Child Poverty - The Basics

Child Poverty - The Basics

1 in 5 children in the UK live in poverty

There are approximately 2,800,000 children living in poverty in the UK today. This is around 21% of all children.

This is children living in households with less than £374 to live on each week.

The 'poverty line' is widely defined as 60% of the median income’.  In the UK the median income for a couple with 2 children is £623 per week. 60% of that is £374 per week. Families with income per week of less than £374 per week are living in poverty [1].

This is total income and not disposable income. This £374 has to cover housing, all utilities, food, clothing, travel, insurance, savings, leisure, hobbies and so on.

Many families that are in poverty are 'workless', in that no parent is working.  A workless household with a couple and 2 children living in it would receive approximately £270 per week, plus rent and council tax [2].

However, around 62% of children living in poverty live in a household where at least one parent works [3]. This is because low paid jobs, such as those on the minimum wage or part time or temporary contracts, are often not enough to provide an income above the 60% level.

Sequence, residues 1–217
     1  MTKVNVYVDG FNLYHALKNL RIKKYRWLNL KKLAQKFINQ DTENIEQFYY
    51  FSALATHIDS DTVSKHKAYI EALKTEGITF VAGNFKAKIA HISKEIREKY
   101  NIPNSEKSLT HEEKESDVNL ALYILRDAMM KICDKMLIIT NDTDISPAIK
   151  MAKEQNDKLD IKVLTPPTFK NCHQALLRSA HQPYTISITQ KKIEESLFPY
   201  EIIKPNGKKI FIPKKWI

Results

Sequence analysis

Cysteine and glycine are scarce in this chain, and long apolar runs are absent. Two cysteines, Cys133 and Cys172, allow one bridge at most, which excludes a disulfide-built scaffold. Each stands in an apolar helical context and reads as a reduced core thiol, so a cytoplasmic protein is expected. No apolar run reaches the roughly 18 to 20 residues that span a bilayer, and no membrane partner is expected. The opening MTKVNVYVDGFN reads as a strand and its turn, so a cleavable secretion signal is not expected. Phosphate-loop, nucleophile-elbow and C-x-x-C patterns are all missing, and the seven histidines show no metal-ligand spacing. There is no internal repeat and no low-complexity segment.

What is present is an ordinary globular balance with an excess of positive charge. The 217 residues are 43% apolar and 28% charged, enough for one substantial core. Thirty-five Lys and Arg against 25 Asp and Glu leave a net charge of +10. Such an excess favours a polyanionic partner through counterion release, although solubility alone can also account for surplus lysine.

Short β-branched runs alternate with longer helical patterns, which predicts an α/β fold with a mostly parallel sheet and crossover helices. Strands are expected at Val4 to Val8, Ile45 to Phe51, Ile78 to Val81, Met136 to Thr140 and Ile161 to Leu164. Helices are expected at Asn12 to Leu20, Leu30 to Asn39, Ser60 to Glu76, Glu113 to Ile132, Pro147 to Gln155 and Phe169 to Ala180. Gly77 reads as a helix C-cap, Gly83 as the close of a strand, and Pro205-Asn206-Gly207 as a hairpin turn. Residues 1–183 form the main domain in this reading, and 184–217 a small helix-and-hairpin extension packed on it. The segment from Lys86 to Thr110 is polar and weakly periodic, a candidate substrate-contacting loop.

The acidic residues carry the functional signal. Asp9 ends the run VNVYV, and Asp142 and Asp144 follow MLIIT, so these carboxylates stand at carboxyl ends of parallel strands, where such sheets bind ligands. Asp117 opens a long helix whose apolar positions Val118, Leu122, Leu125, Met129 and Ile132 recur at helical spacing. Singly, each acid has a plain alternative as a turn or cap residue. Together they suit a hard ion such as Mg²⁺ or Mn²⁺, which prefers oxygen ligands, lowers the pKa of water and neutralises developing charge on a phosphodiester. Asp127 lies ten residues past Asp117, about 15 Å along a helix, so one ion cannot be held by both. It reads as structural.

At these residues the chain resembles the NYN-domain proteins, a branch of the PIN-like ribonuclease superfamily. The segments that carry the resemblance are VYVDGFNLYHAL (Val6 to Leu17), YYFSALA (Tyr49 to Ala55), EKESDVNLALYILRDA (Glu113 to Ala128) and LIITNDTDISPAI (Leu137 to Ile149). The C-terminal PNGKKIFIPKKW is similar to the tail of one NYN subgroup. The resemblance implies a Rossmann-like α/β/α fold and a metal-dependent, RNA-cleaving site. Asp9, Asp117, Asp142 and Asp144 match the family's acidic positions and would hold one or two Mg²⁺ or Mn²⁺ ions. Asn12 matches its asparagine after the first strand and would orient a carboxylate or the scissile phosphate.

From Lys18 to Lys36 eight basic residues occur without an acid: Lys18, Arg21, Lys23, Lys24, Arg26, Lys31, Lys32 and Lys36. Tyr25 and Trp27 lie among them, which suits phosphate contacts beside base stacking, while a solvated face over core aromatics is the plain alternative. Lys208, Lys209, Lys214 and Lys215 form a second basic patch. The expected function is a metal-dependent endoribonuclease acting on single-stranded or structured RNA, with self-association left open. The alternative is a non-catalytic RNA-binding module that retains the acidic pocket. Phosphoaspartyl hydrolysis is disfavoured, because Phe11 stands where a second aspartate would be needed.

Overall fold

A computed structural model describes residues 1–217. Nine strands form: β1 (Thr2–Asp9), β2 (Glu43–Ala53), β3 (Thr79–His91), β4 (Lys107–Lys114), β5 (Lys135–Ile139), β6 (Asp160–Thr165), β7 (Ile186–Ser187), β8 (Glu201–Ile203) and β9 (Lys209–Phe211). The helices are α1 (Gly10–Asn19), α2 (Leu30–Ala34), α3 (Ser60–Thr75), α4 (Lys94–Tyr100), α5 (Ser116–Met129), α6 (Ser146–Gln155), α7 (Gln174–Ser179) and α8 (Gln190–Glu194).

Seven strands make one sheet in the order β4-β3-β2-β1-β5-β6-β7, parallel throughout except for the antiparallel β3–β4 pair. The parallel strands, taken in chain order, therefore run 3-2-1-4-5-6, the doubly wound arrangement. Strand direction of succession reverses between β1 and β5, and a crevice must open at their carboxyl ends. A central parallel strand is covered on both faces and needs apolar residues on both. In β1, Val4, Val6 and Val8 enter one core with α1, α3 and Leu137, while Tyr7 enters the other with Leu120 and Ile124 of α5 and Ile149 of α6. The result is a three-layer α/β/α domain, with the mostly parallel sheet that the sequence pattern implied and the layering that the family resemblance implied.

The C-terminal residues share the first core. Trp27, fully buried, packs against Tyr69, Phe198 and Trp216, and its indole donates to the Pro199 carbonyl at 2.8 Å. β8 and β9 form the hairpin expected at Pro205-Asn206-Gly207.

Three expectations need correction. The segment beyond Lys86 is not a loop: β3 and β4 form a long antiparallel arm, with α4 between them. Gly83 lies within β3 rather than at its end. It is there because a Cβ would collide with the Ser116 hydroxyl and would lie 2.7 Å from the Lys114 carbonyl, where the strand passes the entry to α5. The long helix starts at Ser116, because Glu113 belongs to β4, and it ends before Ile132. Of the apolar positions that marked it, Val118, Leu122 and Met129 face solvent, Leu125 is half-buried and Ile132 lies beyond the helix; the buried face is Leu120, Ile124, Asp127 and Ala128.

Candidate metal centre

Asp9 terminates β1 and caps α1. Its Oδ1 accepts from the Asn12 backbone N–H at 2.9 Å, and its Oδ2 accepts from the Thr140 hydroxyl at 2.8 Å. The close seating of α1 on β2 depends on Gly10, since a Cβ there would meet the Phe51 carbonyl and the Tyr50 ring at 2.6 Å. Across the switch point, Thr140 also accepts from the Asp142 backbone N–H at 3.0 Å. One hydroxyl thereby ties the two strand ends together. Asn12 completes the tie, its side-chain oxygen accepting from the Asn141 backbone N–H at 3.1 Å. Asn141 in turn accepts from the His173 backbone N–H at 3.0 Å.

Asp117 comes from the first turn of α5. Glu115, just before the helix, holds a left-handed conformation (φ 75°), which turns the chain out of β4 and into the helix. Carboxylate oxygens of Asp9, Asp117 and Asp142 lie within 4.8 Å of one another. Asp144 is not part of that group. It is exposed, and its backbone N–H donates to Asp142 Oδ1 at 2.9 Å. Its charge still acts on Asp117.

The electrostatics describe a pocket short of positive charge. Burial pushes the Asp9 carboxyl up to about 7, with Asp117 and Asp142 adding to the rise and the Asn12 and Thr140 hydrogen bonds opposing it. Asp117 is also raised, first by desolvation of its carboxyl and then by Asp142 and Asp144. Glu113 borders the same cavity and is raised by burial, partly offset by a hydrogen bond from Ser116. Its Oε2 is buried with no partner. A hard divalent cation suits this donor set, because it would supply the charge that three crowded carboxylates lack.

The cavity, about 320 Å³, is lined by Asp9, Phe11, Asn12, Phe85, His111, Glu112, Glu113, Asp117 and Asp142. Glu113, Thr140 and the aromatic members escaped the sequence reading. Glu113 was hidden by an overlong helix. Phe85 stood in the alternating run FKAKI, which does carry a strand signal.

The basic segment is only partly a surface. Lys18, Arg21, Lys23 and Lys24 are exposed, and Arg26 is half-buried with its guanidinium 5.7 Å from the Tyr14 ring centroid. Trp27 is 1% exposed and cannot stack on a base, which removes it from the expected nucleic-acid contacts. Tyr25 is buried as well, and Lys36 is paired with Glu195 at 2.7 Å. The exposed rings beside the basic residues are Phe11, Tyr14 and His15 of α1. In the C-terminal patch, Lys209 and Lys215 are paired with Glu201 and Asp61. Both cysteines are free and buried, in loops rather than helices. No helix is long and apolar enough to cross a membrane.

Child Poverty in the North East

In the North East it is 1 in 4

In the North East, there are approximately 132,000 children living in poverty and this equates to around 24% [4] of all children in the region.

According to this report by End Child Poverty UK, this rises to 1 in 3 children living in poverty in parts of the North East such as Middlesbrough, Hartlepool and Newcastle having some of the highest levels of child poverty outside central London

Child poverty is high in the North East for several reasons:

  • Unemployment is still well above the national average
  • Youth unemployment is a major problem
  • As a result, households where no one has a job are more common than in other parts of the UK
  • Many local jobs are low-paid, lower-skilled and part time (it is estimated by the government that nearly 14,000 people in the North East are paid less than the National Minimum Wage)

[1] Households Below Average Income: An analysis of the income distribution 1994/95 – 2008/09, DWP, 2011

[2] Minimum Income Standards, Joseph Rowntree Foundation. Accessed at:

[3] A New Approach to Child Poverty: Tackling the Causes of Disadvantage and Transforming Families’ Lives, DfE, 2011

[4] HMRC: The revised local child poverty measure. Accessible at:

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